London Crawling: The Clash, and Joe Strummer (center) in particular, led the punk revolution.
Reasons to Rebel
Joe Strummer and the ethos of punk
By Karl Byrn
There are two opposing theories on the meaning of punk rock. One says punk rock has no meaning, that its impulse to negate comes from a rejection of heroes and icons, and that standards and ideals have no place in an aesthetic that wants to destroy what we have been told is good.
That’s the “failed theory” of punk. The other side of the coin says that punk is rebellion for a reason. That reason is revealed in Let Fury Have the Hour: The Punk Rock Politics of Joe Strummer (Nation Books; $15.95). This collection of essays and interviews, edited by activist, writer and filmmaker Antonio D’Ambrosio, is not a biography of the late frontman and songwriter of punk-rock greats the Clash (who died suddenly at age 50 in December of 2002), nor is it a history of the Clash or punk rock. Rather, it is an argument for Strummer as a leader of a genuine revolution, a change of standards in which personal integrity matters most.
While the book’s discussion of integrity can’t get away from the music and familiar story of the Clash, its overriding purpose is to point to Strummer as a long-term heroic figure. Only one of the four sections is centered on the Clash, with the other three drawing connections between Strummer’s post-Clash work and other great contemporary multicultural rebels. From early pieces on the band by notable critics like Lester Bangs and Greil Marcus, to recent reflections by radical contemporaries like Tim Robbins, Chuck D and Billy Bragg, Let Fury Have the Hour is consistent in its insistence that punk rock does matter. And when it does, Joe Strummer is there.
Strummer is there in the London punk scene of ’76-’77, when a pre-Thatcher fascism led to race riots that his band translated into keen pop challenges. He’s there when the British music scene needed a reminder of its working-class roots. He’s there when reggae and world music needed to reach an American audience via a rock tough guy. He’s there when hip-hop realized it needed a message. And he plays his last gig, a brief reunion with distanced Clash co-songwriter Mick Jones, as a benefit concert for a local firefighters union. Importantly, the book doesn’t demonize Jones, who is too often cast as the lite-pop McCartney in contrast to Strummer’s serious Lennon.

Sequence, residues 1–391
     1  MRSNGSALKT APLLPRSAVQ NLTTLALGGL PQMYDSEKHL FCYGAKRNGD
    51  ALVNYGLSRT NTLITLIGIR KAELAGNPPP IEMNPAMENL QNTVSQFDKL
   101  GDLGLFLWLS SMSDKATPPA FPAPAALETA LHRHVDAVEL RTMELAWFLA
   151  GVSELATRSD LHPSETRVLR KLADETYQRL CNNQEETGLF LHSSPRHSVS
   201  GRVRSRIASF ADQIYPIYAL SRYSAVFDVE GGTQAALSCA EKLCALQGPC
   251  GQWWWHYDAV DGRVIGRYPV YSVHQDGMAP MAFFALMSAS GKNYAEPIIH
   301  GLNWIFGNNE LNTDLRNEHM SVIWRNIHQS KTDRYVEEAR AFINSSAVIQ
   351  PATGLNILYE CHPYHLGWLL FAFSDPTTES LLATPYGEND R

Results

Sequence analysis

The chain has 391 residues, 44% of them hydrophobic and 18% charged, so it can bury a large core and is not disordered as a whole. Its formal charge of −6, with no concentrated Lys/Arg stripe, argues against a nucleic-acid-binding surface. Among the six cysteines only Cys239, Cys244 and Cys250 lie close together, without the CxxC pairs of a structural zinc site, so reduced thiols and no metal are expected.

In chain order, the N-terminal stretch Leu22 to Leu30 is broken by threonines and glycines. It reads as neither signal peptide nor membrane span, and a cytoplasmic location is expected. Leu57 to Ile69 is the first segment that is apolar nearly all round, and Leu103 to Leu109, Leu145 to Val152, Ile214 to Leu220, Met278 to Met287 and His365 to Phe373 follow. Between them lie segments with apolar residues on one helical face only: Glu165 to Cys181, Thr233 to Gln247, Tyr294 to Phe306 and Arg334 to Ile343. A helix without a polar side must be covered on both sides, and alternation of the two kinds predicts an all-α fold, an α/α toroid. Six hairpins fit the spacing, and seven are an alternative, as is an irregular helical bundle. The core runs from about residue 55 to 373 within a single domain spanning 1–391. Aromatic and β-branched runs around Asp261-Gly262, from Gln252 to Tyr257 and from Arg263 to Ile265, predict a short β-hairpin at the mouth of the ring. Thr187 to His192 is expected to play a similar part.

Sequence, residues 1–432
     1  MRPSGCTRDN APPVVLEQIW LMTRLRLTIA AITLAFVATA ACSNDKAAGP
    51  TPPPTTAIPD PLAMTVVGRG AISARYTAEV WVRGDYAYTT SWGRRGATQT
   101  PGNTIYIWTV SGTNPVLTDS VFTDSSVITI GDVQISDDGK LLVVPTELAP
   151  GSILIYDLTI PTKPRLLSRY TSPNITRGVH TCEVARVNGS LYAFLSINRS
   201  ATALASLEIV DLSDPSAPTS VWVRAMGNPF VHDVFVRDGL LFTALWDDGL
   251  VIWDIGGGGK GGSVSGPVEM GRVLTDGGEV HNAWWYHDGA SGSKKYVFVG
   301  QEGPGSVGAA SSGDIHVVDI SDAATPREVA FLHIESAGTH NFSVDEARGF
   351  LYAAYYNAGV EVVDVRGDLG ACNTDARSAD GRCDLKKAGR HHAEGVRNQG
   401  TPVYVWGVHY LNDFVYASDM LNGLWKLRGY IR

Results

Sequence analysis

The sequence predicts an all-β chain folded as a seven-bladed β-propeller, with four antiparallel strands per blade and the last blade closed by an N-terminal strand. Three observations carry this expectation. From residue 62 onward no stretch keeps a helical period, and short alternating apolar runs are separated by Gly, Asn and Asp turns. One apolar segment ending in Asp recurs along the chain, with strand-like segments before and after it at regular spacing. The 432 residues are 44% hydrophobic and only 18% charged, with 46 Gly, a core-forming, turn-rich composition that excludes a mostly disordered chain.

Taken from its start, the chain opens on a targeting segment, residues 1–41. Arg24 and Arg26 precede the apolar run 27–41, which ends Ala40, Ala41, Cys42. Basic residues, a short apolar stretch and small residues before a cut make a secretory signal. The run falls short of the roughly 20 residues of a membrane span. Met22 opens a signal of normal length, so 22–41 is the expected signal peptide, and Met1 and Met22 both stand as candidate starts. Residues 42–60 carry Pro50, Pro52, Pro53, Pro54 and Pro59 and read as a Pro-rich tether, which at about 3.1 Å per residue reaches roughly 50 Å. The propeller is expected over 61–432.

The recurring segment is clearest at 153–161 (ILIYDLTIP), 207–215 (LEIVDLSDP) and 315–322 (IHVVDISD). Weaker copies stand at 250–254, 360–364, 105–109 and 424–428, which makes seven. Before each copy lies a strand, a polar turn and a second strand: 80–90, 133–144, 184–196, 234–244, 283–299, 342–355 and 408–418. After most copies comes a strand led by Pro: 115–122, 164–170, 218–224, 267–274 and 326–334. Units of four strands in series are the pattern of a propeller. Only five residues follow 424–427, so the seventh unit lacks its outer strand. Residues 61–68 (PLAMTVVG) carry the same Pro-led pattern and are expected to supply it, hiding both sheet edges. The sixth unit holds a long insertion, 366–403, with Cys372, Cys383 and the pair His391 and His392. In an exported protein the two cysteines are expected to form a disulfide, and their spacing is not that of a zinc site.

Strummer is even seen as silly. He tells interviewer Kristine McKenna that his favorite Clash song is “If Music Could Talk,” a frivolous piece of filler from the sprawling Sandinista! album that Strummer likes because “it shows we were willing to try stupid things.”
He also tells McKenna that the most widely held misconception about him is “that I’m some kind of political thinker.” Fair enough. But Strummer’s globe-trotting diplomat parents led him to love and respect the world. Lesser punks have taken rootlessness as a reason to hate life. But John Graham Mellor became Joe Strummer because he had rock ‘n’ roll idealism. In contrast to punk’s impulse for desecration, he loved not only the heroes of rock tradition, but also the quest for a renewed community that made rock matter in the first place.
From the depths of Marxist analysis to funny hip-hop fan rants, the pieces in Let Fury Have the Hour remind us that Strummer’s quest for community has a historical basis in radical music activism. For Strummer and musicians like Woody Guthrie, the MC5 and Victor Jara, tearing down the walls meant opening the doors to class unity. That quest for a democratic community coexists with punk’s essential and most enduring trait, the “do it yourself” ethic, a humanist standard that values honest individuality over mere upheaval. If punk destroys to demand change, the demand for change implicitly imagines a better world. Strummer and music’s best radicals have nudged us to commit ourselves to that greater change.
Saving the most obvious and convincing touch for the final essay, D’Ambrosio details Strummer’s near miss with icon Johnny Cash in the final months before both men’s deaths. Strummer, on a marginal comeback streak with solid world-rock records by his new band the Mescaleros, had submitted a couple of originals to Cash for his sessions with rock producer Rick Rubin. Johnny never got to the song “Long Shadow,” but Joe put it on his last disc, Streetcore.
This final chapter ties together some of punk’s loose ends: DIY, unfulfilled idealism and a rebel community. Let Fury Have the Hour steers us toward an understanding of punk as a positive force. Informed by revolution and global politics, Strummer, like icons before him, tore down walls to get to the standards he had set for himself.
From the March 9-15, 2005 issue of the North Bay Bohemian.